Sunday, June 29, 2014

A Heart's Cry

"Teach me Your way, O Lord,
          that I may walk in Your truth;
          unite my heart to fear Your name."
                         (Psalm 86:11, ESV)

The first time I read this verse out of the ESV it struck me in a way it never had before. The words were just different enough from what was familiar that I listened again.

David is the writer of this psalm. He is calling out to God for God to hear and answer him. David praises God's love, forgiveness, compassion, and faithfulness.

David is often referred to as a man after God's own heart and I think this verse from Psalm 86 is a glimpse into why. David want to know God's ways and he wants to walk in them. He wants a heart that worships God alone.

There's a few things in this verse that stood out to me as I have reflected on it.

"Teach me Your way, O Lord . . ."

This is a request to know God's ways. Our requests often become more of a "God, please bless my plans," rather than asking God what His plans are for us. But, it is when we are seeking God's ways that life is what God created it to be.

". . . that I may walk in Your truth . . ."

Walking in God's ways is the way to live the life He desires for us to live. The way we know God's truth is to seek Him and ask Him. God wants us to walk according to the truth, not according to the lies we so easily believe. We have to regularly ask God what His truth is so we can replace the lies we've been living by with God's truth.

". . . unite my heart to fear Your name."

I love the use of the word "unite" here. It's a picture of many things that have been going in different directions being brought together as one to all go in the same direction. That direction being to worship God.

These words are often my heart's cry. That God would bring together all the parts of me that are running in different directions. It's easy to let everything go, but there is great value in bringing it all together with God.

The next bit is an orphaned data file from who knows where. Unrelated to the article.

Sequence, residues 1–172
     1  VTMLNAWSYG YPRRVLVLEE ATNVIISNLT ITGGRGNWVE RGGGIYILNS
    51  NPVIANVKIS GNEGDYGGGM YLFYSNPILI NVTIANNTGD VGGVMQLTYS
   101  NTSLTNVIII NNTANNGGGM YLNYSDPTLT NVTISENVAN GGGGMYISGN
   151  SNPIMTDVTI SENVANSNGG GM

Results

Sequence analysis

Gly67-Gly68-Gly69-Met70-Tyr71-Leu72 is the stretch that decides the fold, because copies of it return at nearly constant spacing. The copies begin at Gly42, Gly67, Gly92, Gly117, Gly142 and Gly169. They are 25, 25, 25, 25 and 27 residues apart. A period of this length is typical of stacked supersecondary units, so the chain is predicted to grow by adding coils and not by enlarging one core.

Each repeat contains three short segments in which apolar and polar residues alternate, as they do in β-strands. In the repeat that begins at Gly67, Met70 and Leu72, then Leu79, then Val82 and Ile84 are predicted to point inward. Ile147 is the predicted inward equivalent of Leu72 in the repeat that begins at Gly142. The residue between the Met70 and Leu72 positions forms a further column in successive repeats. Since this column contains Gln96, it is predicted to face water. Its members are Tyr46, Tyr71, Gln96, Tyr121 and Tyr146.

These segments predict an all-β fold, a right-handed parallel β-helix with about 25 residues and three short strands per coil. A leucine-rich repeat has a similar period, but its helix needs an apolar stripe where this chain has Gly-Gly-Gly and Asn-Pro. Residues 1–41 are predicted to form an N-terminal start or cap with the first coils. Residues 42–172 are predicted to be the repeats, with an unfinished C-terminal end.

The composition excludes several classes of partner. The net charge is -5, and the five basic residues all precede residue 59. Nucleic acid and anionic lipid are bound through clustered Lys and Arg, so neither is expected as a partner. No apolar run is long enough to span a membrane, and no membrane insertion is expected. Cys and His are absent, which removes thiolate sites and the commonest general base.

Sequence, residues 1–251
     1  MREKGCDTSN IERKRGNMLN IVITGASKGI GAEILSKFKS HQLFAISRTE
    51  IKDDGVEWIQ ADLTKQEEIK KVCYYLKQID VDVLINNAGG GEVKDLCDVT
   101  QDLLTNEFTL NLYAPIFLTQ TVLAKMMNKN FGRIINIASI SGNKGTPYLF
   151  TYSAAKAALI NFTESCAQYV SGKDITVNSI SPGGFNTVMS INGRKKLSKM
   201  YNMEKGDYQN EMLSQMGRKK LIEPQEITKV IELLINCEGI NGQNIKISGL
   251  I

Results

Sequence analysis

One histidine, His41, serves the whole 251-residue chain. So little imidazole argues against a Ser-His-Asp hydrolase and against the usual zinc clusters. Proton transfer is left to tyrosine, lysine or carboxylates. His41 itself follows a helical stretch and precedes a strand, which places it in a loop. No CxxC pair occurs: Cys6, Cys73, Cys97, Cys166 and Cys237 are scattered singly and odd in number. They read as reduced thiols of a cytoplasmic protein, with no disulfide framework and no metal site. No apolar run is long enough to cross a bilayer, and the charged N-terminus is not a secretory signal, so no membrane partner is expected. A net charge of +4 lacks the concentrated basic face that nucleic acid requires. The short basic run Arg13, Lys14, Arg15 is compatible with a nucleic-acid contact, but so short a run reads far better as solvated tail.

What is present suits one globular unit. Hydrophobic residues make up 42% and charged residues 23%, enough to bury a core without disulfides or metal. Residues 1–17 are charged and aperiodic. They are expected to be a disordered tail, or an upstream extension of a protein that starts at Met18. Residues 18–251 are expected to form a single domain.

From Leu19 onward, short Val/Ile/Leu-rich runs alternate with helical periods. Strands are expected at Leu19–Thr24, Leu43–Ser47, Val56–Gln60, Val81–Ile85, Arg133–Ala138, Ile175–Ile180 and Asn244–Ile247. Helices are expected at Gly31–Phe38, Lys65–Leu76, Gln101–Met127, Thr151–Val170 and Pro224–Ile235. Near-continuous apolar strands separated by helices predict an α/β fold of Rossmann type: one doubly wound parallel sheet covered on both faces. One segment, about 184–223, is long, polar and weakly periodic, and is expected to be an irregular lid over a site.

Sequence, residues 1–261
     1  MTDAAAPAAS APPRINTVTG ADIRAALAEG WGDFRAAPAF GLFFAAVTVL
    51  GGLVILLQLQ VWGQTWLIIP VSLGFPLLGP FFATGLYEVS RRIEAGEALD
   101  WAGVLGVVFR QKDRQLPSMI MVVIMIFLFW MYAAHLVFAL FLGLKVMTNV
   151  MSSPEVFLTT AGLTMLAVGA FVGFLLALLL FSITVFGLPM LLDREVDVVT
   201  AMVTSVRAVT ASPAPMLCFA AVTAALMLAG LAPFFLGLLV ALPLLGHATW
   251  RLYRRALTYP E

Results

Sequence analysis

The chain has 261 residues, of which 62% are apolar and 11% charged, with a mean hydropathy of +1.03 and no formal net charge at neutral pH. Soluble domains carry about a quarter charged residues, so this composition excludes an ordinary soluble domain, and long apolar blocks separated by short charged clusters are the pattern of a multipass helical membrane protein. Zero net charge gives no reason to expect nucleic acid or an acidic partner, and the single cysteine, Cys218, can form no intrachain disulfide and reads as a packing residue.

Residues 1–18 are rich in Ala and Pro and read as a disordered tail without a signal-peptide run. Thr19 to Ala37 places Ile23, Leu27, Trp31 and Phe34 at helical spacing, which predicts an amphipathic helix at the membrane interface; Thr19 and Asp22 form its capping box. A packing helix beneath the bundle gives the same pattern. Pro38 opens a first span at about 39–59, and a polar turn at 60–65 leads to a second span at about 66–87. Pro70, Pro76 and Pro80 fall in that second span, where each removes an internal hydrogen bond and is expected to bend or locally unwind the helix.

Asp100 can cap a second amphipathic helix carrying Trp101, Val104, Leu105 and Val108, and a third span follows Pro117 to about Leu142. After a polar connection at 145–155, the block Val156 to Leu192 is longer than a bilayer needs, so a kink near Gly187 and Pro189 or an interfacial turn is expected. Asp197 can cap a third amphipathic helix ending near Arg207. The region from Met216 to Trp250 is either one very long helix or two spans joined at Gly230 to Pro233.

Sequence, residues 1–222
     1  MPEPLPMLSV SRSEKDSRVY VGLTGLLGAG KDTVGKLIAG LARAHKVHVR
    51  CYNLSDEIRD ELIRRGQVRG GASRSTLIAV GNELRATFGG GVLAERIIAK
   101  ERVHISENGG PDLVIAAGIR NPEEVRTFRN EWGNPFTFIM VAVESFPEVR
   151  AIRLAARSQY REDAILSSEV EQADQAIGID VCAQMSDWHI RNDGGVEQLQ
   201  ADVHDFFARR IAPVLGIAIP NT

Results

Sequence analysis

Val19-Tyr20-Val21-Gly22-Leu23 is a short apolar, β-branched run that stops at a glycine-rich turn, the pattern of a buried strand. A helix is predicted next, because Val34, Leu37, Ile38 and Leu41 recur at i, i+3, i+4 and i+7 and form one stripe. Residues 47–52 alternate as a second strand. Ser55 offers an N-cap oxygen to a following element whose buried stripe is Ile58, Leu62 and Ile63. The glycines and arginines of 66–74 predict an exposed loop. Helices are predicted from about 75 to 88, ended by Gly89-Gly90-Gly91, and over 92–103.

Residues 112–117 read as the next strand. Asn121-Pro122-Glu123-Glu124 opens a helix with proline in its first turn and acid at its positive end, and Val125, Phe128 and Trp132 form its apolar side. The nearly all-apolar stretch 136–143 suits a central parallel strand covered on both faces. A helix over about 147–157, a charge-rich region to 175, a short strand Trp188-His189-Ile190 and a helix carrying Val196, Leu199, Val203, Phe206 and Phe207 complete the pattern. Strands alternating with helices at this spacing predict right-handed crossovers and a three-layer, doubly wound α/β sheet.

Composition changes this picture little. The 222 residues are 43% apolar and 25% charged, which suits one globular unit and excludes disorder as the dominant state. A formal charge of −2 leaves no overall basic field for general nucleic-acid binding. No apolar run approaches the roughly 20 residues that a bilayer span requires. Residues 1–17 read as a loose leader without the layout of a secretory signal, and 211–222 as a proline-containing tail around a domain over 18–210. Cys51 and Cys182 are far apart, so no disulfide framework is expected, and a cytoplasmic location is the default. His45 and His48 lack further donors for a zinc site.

I don't know about you, but the more I reflect on this verse, the more it becomes my prayer.

"Teach me Your ways, O Lord,
          that I may walk in Your truth;
          unite my heart that I may fear Your name."
                         (Psalm 86:11, ESV)

Thursday, June 26, 2014

Understanding Who God Is

Lord is it possible to get this far
And just now understand Who You are?
I'm feeling foolish yet relived as well
Cuz what I bought before I just can't sell
("Wishful Thinking" by Mercy Me)

The first time I heard the song that those words begin, they stuck.

They resonated with me. Because they are words I could share of my journey in the last year and a half. I've been a Christian since I was a kid, but recently I have discovered so much more of Who God is.

It seems that it is easy in our humanness to get things about God confused. In our efforts to explain and understand things, we make God out to be someone He is not.

We don't always do it intentionally. Often, it happens without us trying to do so.

And then we're left with mixed up and confused ideas and pictures of Who God is.

So, what do we do? How do we better understand Who God is?

I've discovered the answer is incredibly simple and incredibly challenging all at the same time.

We simply come to God and admit we don't understand. We ask Him to teach us Who He really is. And we seek to get to know Him better.

But that is challenging as well, because we have to admit we don't know it all. And that goes against everything we naturally do and our culture tells us we should do.

We can't get to know God better, unless we're willing to come to Him and admit we need His help to know Him better.

Tuesday, June 24, 2014

Courage to Tell Your Story

"Courage is telling our story, not being immune to criticism. Staying vulnerable is a risk we have to take if we want to experience connection." (Brene Brown, The Gifts of Imperfection, pg. 53)

When I first read those two sentences, I had to go back and read them a few more times. The truth of them really began to sink in.

The more I serve God in the ministry He has called me to, the more I realize how much people are longing for real connection with others. They want people to know who they really are, not just know the person they put out there on Facebook or Twitter.